Which bloggers "claim to be reporting" when publishing opinions? Show me even one, and we can talk. But I think your own opinion is here in this comment thread masquerading as fact.

Scrutiny Hooligans - http://www.scrutinyhooligans.us


Except for whatever on-the-ground knowledge bloggers have of specific events or people, mostly what we do is share opinions and encourage conversation.

Regarding the mainstream media, you wrote:

It is not wise to blithely assume all its reporters are, of necessity, members of a fifth column spewing clever propaganda for their corporate masters.

I'd never make that assumption about ALL reporters, but when one of them asserts that there is a shift in public opinion based on a few interviews, well, you have to wonder what's really going on. My comments were specifically about Barbara Barrett and her story about off-shore drilling.

In a way...bloggers are far better journalists than reporters

in the sense that we don't hide that we are providing our opinions along with the facts. So many reporters not only artificially balance their stories, some completely disregard facts that are readily available. They also change facts to fit what they want to say. I see it almost every single day from the N&O to the Washington Post. I do my best to provide the facts and I'm open about my opinion about those facts. Also, if you catch me making a factual error or misinterpreting something...I'll own up to it. It's very hard to get newspapers/reporters to admit they've made a mistake.

It doesn't make me a journalist, but I do have a degree in journalism. :)

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A blog is a tool

That can be applied to reporting and pontificating (and whatever else, I guess), and it's true that pontificating is more common. But I think the blog reading world tends to sort out those whose comments fill a need and those whose don't.

I take exception, though, to the notion that "too many bloggers claim to be reporting when all they are doing is publishing opinions." In my experience, this just isn't true. Can you point to some examples of where a blogger claims to be reporting and isn't? My hunch is that you're simply assuming that us bloggers think of ourselves as reporters. There are bloggers who primarily wear that hat (many of whom are "real" reporters by day), and many more who do the occasional bit of reporting but usually comment. But to assume that bloggers can't tell the difference between reporting and commenting is just wrong.

Targator: Your assertion

Targator: Your assertion that reporters publish opinions disguised as news doesn't support an assertion that bloggers do not, if that was your intended implication. I wasn't so much trying to claim that some bloggers are posing as news reporters as I was claiming that an awful lot of people seem to claim they're getting their news from blogs. If you're getting your news from blogs, especially your political news, then you're probably getting news from a source whose biases accord with yours and that posts content that's deliberately cherry picked to find favor with readers like you. I'm a blatant yellow dog Democrat, but pay only a little more attention to the prominent Dem bloggers than I do their conservative counterparts (that is, no attention). I assume they're all probably leaving something out. So, except for the humor or the "Yeah! That's right!"/"You stupid idiot!" adrenalin rush, why bother?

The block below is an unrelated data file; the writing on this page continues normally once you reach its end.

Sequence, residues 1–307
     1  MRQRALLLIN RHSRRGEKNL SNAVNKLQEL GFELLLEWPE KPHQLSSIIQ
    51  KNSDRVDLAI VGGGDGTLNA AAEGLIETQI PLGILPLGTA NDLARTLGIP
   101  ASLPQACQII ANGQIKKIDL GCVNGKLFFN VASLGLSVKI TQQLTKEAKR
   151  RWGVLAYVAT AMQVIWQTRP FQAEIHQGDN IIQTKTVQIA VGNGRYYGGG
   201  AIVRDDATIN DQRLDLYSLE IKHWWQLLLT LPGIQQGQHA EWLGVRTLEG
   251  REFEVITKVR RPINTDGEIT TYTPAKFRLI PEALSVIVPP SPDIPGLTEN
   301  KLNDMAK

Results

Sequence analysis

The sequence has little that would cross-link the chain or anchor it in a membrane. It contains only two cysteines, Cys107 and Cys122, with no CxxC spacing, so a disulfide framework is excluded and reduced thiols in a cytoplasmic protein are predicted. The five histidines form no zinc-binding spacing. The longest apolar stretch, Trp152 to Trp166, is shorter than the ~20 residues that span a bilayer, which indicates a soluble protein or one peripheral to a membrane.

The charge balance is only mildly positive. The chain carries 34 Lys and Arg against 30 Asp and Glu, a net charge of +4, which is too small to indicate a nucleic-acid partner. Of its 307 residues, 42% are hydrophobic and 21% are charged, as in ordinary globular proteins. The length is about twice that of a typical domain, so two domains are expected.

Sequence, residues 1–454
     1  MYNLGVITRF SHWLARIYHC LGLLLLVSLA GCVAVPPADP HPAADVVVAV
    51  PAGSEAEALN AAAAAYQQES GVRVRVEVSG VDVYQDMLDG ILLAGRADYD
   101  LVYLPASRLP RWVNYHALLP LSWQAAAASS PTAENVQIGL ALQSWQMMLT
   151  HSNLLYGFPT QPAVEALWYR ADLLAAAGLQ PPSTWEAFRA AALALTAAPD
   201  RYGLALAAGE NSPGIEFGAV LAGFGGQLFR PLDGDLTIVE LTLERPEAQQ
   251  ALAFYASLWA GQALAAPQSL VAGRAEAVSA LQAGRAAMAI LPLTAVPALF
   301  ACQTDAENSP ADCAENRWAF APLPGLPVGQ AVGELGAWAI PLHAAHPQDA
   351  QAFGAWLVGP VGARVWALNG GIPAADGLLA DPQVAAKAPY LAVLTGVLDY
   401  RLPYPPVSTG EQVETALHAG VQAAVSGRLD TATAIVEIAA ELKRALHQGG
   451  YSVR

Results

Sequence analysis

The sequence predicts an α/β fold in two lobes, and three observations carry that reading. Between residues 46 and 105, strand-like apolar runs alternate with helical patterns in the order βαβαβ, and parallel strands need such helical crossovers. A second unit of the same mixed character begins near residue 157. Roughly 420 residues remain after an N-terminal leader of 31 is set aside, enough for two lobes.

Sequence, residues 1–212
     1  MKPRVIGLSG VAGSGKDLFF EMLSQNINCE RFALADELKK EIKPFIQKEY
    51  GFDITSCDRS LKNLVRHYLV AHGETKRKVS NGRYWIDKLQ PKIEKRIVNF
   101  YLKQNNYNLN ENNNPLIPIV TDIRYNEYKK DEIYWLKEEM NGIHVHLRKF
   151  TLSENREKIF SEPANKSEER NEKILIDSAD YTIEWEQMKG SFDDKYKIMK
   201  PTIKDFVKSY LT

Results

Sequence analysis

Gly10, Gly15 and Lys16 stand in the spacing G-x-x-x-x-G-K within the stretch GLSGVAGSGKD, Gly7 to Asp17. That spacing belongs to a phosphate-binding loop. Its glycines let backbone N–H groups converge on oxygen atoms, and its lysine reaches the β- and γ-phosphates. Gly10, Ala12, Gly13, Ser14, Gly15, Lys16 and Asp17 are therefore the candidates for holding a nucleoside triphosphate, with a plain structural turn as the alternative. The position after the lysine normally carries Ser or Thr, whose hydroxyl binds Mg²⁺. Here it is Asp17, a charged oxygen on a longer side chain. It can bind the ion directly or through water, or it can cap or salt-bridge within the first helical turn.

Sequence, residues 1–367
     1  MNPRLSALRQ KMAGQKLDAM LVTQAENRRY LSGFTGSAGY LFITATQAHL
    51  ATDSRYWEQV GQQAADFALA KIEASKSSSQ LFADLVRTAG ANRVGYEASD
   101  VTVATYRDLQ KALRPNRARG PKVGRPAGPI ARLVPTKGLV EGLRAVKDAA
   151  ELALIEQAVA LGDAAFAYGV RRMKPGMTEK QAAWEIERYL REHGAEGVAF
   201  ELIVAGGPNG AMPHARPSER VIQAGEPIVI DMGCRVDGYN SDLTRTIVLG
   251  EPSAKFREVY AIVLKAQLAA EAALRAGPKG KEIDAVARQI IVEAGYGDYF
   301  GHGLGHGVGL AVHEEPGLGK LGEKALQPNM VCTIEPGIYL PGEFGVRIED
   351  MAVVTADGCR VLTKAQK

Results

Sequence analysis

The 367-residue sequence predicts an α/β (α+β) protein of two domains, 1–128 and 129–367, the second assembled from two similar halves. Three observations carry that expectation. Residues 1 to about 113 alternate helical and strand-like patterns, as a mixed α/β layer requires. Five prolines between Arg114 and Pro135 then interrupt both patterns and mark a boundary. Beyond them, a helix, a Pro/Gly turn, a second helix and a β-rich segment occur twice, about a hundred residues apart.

Screwy Hoolie: Why would you assume that every bylined reporter is in someone's pocket? Does drawing a salary inevitably corrupt the salary earner? It seems to me that one essential element of engaging in reporting is to ask questions and report the answers. A blog piece may be written in journalistic style, but if the writer's only source of information is himself, then the piece may be journalism, but it isn't reporting. It's essentially akin to a newspaper column: a (perhaps informed) individual viewpoint. As for bloggers claiming to be reporting: Much of the fuel that propels many bloggers, especially those who came to it after 9/11 or the invasion of Iraq, seems to me to be their strong dislike and distrust for almost any corporate source that labels itself as a news producer. Sometimes I think part of that animosity comes from forgetting that everything that calls itself "news" isn't necessarily that. Talk radio is not a news source. There's no reporting going on there. The same can be said of pretty much of every talking head on TV, and any panel that consists of journalists sitting around talking to each other. Then, other times, I think it must be because, perhaps, some people only recently became serious news consumers and still cling to the myth that objectivity is sine qua non for reporters. It isn't, because there is no standard for objectivity. It's a demand whose answer can never be quantifiably assessed. Reporters, but not necessarily journalists, need to be seen trying to be fair, but fairness is a different thing than objectivity. In the end, readers need to be savvy enough to understand the context in which the words and images they consume have been produced, and the audience that product targets.